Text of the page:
"She beats your Valders-Roan all hollow, John Garvestad," said a young tease who stood next to him in the crowd.
"My Valders-Roan has never seen his match yet, and never will, according to my reckoning," answered John Garvestad.
"Ho! ho!" shouted the young fellow, with a mocking laugh; "that black mare is a hand taller at the very least, and I bet you she's a high-flyer. She has got the prettiest legs I ever clapped eyes on."
"They'd snap like clay pipes in the mountains," replied Garvestad, contemptuously.
Erik, as he blushingly ascended the slope to his new home, leading Lady Clare by a halter, had no suspicion of the sentiments which she had aroused in John Garvestad's breast. He was only blissfully conscious of the admiration she had excited; and he promised himself a good deal of fun in future in showing off his horsemanship. He took Lady Clare to the stable, where a new box-stall had been made for her, examined the premises carefully and nailed a board over a crevice in the wall where he suspected a draught. He instructed Anders, the groom, with emphatic and anxious repetitions regarding her care, showed him how to make Lady Clare's bed, how to comb her mane, how to brush her (for she refused to endure currying), how to blanket her, and how to read the thermometer which he nailed to one of the posts of the stall. The latter proved to be a more difficult task than he had anticipated; and the worst of it was that he was not sure that Anders knew any more on the subject of his instruction at the end of the lesson than he had at the beginning. To make sure that he had understood him he asked him to enter the stall and begin the process of grooming. But no sooner had the unhappy fellow put his nose inside the door than Lady Clare laid back her ears in a very ugly fashion, and with a vicious whisk of her tail waltzed around and planted two hoof-marks in the door, just where the groom's nose had that very instant vanished. A second and a third trial had similar results; and as the box-stall was new and of hard wood, Erik had no wish to see it further damaged.
"I won't have nothin' to do with that hoss, that's as certain as my name is Anders," the groom declared; and Erik, knowing that persuasion would be useless, had henceforth to be his own groom. The fact was he could not help sympathizing with that fastidiousness of Lady Clare which made her object to be handled by coarse fingers and roughly curried, combed, and washed like a common plebeian nag. One does not commence life associating with a princess for nothing. Lady Clare, feeling in every nerve her high descent and breeding, had perhaps a sense of having come down in the world, and, like many another irrational creature of her sex, she kicked madly against fate and exhibited the unloveliest side of her character. But with all her skittishness and caprice she was steadfast in one thing, and that was her love for Erik. As the days went by in country monotony, he began to feel it as a privilege rather than a burden to have the exclusive care of her. The low, friendly neighing with which she always greeted him, as soon as he opened the stable-door, was as intelligible and dear to him as the warm welcome of a friend. And when with dainty alertness she lifted her small, beautiful head, over which the fine net-work of veins meandered, above the top of the stall, and rubbed her nose caressingly against his cheek, before beginning to snuff at his various pockets for the accustomed lump of sugar, he felt a glow of affection spread from his heart and pervade his whole being. Yes, he loved this beautiful animal with a devotion which, a year ago, he would scarcely have thought it possible to bestow upon a horse. No one could have persuaded him that Lady Clare had not a soul which (whether it was immortal or not) was, at all events, as distinct and clearly defined as that of any person with whom he was acquainted. She was to him a personality--a dear, charming friend, with certain defects of character (as who has not?) which were, however, more than compensated for by her devotion to him. She was fastidious, quick-tempered, utterly unreasonable where her feelings were involved; full of aristocratic prejudice, which only her sex could excuse; and whimsical, proud, and capricious. It was absurd, of course, to contend that these qualities were in themselves admirable; but, on the other hand, few of us would not consent to overlook them in a friend who loved us as well as Lady Clare loved Erik.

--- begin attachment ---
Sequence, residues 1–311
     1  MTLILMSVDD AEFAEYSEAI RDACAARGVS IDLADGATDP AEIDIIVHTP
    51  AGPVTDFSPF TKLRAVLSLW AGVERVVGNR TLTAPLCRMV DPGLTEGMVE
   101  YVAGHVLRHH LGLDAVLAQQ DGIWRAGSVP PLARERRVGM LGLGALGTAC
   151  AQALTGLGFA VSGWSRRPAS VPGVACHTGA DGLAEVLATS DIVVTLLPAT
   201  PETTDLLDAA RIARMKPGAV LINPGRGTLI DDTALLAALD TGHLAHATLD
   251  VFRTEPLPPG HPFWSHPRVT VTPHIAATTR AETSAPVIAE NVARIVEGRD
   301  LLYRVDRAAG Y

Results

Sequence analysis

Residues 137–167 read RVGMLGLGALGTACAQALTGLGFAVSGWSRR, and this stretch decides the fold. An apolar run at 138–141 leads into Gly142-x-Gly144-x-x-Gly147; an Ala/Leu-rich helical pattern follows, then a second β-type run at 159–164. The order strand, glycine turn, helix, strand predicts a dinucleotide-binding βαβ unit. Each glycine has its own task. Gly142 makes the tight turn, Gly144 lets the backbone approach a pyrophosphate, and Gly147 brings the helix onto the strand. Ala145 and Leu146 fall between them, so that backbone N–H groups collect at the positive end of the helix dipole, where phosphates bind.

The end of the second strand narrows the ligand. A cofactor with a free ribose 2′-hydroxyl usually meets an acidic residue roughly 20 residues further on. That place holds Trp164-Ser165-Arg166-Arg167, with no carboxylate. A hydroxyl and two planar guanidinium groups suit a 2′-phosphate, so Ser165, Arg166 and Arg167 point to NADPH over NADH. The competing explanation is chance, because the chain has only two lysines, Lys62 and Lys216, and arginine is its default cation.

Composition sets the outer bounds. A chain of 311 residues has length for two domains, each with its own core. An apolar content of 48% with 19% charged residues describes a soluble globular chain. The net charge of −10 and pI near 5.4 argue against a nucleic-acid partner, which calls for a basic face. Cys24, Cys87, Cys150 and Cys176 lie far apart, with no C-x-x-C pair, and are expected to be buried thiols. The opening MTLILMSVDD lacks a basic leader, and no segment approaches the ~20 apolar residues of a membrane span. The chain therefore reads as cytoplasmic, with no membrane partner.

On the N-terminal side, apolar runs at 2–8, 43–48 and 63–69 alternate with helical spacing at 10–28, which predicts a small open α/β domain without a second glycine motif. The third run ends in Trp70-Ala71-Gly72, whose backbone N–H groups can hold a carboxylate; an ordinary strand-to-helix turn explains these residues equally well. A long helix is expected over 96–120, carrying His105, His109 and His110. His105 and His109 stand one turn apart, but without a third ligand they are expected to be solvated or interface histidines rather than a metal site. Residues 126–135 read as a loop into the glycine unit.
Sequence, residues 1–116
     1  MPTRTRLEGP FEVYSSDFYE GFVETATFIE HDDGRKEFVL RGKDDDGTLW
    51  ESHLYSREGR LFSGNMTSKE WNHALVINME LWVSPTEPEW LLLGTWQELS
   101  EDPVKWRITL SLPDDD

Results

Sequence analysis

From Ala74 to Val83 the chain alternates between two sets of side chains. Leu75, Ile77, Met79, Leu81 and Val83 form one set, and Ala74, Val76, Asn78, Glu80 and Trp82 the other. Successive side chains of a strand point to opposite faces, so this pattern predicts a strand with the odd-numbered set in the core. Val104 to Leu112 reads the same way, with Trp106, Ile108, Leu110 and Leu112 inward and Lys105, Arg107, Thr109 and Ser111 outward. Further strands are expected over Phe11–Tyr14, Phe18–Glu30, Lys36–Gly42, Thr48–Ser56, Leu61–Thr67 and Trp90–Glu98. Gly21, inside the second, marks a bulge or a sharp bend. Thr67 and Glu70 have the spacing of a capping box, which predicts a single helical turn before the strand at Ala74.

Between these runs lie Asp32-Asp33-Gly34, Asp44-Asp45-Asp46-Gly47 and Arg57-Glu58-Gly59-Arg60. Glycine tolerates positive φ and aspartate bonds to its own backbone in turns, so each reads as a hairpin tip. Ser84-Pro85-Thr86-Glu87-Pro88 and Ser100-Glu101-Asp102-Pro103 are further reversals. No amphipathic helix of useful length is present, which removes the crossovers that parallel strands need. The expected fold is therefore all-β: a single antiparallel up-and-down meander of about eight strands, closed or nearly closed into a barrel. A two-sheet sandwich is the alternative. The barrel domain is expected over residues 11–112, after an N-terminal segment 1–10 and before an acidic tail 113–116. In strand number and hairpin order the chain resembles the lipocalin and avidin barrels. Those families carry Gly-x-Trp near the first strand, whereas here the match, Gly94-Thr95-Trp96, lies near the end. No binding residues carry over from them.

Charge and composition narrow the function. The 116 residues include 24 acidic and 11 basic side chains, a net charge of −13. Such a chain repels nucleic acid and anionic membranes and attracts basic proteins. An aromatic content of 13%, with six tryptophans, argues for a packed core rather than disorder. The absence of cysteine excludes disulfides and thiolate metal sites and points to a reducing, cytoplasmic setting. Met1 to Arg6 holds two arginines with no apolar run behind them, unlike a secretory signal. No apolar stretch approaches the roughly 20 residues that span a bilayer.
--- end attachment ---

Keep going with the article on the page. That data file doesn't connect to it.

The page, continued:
The fame of Lady Clare spread through the parish like fire in withered grass. People came from afar to look at her, and departed full of wonder at her beauty. When the captain and his son rode together to church on Sunday morning, men, women, and children stood in rows at the roadside staring at the wonderful mare as if she had been a dromedary or a rhinoceros. And when she was tied in the clergyman's stable a large number of the men ignored the admonition of the church bells and missed the sermon, being unable to tear themselves away from Lady Clare's charms. But woe to him who attempted to take liberties with her; there were two or three horsy young men who had narrow escapes from bearing the imprint of her iron shoes for the rest of their days.
That taught the others a lesson, and now Lady Clare suffered from no annoying familiarities, but was admired at a respectful distance, until the pastor, vexed at her rivalry with his sermon, issued orders to have the stable-door locked during service.